Kiwi Air Transport Team home from Middle East mission

The New Zealand Defence Force air transport team that left in June to support coalition operations in the Middle East returned this afternoon from a successful six-month mission.

CAPTIONRoyal New Zealand Air Force Sergeant Dave Wood an Air Loadmaster carries out start up procedures of the C- 130 prior to a task on OP TEAL.

A Royal New Zealand Air Force C-130 Hercules aircraft and a 32-member detachment clocked up about 640 flying hours on 82 missions to Iraq and Afghanistan, which is equivalent to completing nine round-the-world trips.

Chief of Air Force,
A warm welcome home.

The air transport team transported 771 tonnes of vital supplies and about 3200 military personnel while operating as part of an Australian Defence Force air mobility task group.

Major General Tim Gall, the Commander Joint Forces New Zealand, said the New Zealand team provided strategic air support to coalition operations.

“Their performance was extraordinary, given the demanding conditions they operated in,” Major General Gall said.

“The team flew almost every single mission assigned to them by the ADF task group.

“New Zealand has had a longstanding commitment in the Middle East.

“With this deployment, we were doing our fair share towards the air support required for various operations that seek to maintain peace and stability in the region,” he said.

Squadron Leader Blair Oldershaw, the commander of the task unit, said the team maintained a high operational tempo throughout their mission.

He said their rate of effort of about 85 flying hours per month was double that of a similar aircraft in the fleet conducting military air operations throughout New Zealand and overseas.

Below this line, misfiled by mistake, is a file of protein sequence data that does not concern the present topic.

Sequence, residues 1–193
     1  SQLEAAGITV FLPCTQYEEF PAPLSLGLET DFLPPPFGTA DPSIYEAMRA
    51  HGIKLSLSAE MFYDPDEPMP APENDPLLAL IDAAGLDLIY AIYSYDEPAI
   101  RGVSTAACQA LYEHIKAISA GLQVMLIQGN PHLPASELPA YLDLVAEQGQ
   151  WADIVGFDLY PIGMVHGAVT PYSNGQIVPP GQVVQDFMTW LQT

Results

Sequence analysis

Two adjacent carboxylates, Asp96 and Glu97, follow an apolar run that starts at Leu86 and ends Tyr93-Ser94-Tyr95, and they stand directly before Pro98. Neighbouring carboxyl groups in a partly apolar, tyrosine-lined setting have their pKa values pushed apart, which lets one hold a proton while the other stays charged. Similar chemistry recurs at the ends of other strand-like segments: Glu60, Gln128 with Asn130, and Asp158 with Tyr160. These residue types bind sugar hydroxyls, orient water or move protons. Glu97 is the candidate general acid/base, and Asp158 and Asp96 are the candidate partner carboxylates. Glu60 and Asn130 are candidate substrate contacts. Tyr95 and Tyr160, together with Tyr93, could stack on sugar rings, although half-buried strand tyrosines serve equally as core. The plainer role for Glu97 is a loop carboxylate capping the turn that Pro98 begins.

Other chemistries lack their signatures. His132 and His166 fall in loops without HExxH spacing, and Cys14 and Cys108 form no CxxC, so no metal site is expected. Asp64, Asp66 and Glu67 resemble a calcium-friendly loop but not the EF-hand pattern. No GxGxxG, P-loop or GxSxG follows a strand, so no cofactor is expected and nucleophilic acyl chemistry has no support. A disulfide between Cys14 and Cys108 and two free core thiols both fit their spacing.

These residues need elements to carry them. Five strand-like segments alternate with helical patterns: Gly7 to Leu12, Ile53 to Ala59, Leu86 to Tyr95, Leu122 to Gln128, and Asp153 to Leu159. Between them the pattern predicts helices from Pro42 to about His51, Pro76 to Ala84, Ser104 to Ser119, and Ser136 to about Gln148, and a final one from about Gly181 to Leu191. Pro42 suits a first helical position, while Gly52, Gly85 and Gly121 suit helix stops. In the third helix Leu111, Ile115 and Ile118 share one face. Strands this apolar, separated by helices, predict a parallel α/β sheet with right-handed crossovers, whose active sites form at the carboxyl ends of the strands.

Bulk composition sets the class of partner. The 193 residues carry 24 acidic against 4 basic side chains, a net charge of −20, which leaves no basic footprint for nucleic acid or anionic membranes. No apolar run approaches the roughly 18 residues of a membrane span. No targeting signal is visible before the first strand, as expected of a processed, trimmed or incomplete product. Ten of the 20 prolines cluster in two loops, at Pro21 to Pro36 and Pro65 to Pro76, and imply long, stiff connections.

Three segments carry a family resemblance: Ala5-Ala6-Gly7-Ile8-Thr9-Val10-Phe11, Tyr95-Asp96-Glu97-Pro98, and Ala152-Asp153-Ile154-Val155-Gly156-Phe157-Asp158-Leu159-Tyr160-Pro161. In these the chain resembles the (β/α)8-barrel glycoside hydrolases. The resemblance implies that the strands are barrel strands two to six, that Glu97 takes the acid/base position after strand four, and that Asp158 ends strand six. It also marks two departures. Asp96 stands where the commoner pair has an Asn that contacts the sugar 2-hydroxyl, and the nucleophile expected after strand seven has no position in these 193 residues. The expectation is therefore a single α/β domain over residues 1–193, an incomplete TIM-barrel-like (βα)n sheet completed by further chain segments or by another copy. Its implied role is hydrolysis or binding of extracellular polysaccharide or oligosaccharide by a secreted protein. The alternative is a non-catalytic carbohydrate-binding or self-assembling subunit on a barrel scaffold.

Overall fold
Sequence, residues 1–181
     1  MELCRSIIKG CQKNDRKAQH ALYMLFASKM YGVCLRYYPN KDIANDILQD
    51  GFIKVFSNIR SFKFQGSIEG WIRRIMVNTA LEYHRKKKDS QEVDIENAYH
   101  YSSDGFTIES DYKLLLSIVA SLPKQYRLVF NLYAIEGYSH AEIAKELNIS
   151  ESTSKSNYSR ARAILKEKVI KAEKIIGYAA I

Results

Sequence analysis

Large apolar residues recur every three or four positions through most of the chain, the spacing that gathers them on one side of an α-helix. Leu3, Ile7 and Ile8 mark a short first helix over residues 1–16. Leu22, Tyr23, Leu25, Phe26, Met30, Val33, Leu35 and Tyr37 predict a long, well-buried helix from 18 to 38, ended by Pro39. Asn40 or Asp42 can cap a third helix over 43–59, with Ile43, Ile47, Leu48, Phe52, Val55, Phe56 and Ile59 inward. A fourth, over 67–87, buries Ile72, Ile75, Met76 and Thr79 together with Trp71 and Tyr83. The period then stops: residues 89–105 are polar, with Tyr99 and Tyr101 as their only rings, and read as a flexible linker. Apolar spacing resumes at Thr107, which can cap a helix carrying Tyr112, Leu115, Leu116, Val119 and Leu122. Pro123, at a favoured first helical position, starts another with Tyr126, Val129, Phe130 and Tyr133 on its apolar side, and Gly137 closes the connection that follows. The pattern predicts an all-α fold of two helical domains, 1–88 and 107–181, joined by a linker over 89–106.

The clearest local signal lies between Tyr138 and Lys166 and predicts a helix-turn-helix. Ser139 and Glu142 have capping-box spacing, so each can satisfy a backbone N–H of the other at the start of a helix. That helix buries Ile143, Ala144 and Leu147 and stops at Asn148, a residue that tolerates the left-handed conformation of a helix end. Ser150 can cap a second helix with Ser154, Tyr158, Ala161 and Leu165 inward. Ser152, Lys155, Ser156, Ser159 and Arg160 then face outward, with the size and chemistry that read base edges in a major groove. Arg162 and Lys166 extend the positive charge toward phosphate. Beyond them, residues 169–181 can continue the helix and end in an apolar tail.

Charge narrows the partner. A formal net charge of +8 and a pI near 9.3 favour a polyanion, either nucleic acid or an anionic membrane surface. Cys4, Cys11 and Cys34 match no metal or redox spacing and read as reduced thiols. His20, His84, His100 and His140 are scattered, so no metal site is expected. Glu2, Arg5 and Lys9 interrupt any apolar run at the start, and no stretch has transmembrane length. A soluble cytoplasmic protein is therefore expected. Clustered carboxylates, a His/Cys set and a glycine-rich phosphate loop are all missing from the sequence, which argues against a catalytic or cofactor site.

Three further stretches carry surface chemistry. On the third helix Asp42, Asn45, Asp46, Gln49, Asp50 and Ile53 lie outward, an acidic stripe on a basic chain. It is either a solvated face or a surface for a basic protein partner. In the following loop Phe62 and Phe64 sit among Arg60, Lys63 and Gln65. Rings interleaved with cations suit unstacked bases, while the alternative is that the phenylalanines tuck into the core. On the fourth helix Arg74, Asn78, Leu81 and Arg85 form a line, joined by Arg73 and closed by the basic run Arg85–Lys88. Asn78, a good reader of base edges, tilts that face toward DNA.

“The team exceeded all expectations,” he said.

“The mission’s success rate was over 96 per cent, which is phenomenal given the challenging environment in the Middle East.

“It is a real tribute to our maintenance and support staff that we were able to achieve this level of success.”

Night vision goggles were used during the mission since some of the airfields involved had no lighting or navigation aids.

The NZDF detachment included aircraft technicians, logistics specialists, maintenance personnel, and an air-movements load team that worked as part of the Royal Australian Air Force’s Air Movements Unit to support coalition aircraft in the region.

Squadron Leader Oldershaw said the strong camaraderie and the team’s ability to work effectively and almost seamlessly with their Australian colleagues helped them achieve their mission.

“There was a sense of combined effort, which promoted mutual respect and a willingness to go the extra mile for each other and reflected the shared values between the two countries,” he said.

Members of the detachment said searing temperatures, which often exceeded 45 degrees Celsius posed the biggest challenge, particularly to the maintenance personnel who had to work outdoors.

“Everyone involved in the operation felt honoured to represent the NZDF and our country,” Squadron Leader Oldershaw said.

“For me personally, the opportunity to lead the team was an absolute privilege.”

Chief of Air Force Air Vice-Marshal Tony Davies said the team’s outstanding performance spoke to their skills and training.

“Our people are well-trained, professional and highly committed,” he said.

“They can definitely hold their own in a coalition environment, and they did the hard yards to ensure the mission was carried out successfully.”

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Brian Hartigan

Managing Editor Contact Publishing Pty Ltd PO Box 3091 Minnamurra NSW 2533 AUSTRALIA

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